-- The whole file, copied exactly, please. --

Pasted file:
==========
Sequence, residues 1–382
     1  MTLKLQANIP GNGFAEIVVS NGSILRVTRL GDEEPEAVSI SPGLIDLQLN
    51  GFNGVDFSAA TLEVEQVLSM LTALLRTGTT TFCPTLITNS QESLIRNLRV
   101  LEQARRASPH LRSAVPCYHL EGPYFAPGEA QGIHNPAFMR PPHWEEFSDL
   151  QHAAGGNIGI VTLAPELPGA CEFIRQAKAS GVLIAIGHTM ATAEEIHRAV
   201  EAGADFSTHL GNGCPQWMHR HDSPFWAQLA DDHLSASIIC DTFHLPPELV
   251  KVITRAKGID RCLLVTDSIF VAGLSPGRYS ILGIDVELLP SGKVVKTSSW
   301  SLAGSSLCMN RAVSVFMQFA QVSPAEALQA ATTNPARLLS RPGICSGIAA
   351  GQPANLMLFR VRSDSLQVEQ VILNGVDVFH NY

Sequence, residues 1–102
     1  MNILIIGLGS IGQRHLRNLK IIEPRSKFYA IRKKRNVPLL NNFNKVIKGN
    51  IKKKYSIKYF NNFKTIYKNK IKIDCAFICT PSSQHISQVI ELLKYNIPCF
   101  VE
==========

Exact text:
Sequence, residues 1–382
     1  MTLKLQANIP GNGFAEIVVS NGSILRVTRL GDEEPEAVSI SPGLIDLQLN
    51  GFNGVDFSAA TLEVEQVLSM LTALLRTGTT TFCPTLITNS QESLIRNLRV
   101  LEQARRASPH LRSAVPCYHL EGPYFAPGEA QGIHNPAFMR PPHWEEFSDL
   151  QHAAGGNIGI VTLAPELPGA CEFIRQAKAS GVLIAIGHTM ATAEEIHRAV
   201  EAGADFSTHL GNGCPQWMHR HDSPFWAQLA DDHLSASIIC DTFHLPPELV
   251  KVITRAKGID RCLLVTDSIF VAGLSPGRYS ILGIDVELLP SGKVVKTSSW
   301  SLAGSSLCMN RAVSVFMQFA QVSPAEALQA ATTNPARLLS RPGICSGIAA
   351  GQPANLMLFR VRSDSLQVEQ VILNGVDVFH NY

Sequence, residues 1–102
     1  MNILIIGLGS IGQRHLRNLK IIEPRSKFYA IRKKRNVPLL NNFNKVIKGN
    51  IKKKYSIKYF NNFKTIYKNK IKIDCAFICT PSSQHISQVI ELLKYNIPCF
   101  VE